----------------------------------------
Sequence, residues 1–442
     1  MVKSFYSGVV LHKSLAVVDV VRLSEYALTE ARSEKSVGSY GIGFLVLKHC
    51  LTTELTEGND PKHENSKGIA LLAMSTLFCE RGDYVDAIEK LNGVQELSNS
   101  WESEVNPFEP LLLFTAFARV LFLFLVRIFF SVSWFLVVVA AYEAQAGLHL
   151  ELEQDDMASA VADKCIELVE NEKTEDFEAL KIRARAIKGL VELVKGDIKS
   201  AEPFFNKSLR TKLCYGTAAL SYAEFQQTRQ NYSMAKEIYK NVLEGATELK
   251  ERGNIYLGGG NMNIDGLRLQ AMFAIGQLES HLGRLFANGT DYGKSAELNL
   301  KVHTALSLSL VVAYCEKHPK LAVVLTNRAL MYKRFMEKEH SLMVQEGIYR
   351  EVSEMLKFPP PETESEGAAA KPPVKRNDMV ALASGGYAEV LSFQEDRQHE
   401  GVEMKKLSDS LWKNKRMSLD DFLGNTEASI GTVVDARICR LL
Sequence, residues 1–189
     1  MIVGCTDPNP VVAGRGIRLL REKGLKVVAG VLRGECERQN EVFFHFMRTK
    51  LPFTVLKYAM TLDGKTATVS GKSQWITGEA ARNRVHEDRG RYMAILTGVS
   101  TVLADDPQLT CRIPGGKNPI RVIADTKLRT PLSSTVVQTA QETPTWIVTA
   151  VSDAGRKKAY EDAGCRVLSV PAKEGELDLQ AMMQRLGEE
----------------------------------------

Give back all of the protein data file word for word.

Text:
Sequence, residues 1–442
     1  MVKSFYSGVV LHKSLAVVDV VRLSEYALTE ARSEKSVGSY GIGFLVLKHC
    51  LTTELTEGND PKHENSKGIA LLAMSTLFCE RGDYVDAIEK LNGVQELSNS
   101  WESEVNPFEP LLLFTAFARV LFLFLVRIFF SVSWFLVVVA AYEAQAGLHL
   151  ELEQDDMASA VADKCIELVE NEKTEDFEAL KIRARAIKGL VELVKGDIKS
   201  AEPFFNKSLR TKLCYGTAAL SYAEFQQTRQ NYSMAKEIYK NVLEGATELK
   251  ERGNIYLGGG NMNIDGLRLQ AMFAIGQLES HLGRLFANGT DYGKSAELNL
   301  KVHTALSLSL VVAYCEKHPK LAVVLTNRAL MYKRFMEKEH SLMVQEGIYR
   351  EVSEMLKFPP PETESEGAAA KPPVKRNDMV ALASGGYAEV LSFQEDRQHE
   401  GVEMKKLSDS LWKNKRMSLD DFLGNTEASI GTVVDARICR LL
Sequence, residues 1–189
     1  MIVGCTDPNP VVAGRGIRLL REKGLKVVAG VLRGECERQN EVFFHFMRTK
    51  LPFTVLKYAM TLDGKTATVS GKSQWITGEA ARNRVHEDRG RYMAILTGVS
   101  TVLADDPQLT CRIPGGKNPI RVIADTKLRT PLSSTVVQTA QETPTWIVTA
   151  VSDAGRKKAY EDAGCRVLSV PAKEGELDLQ AMMQRLGEE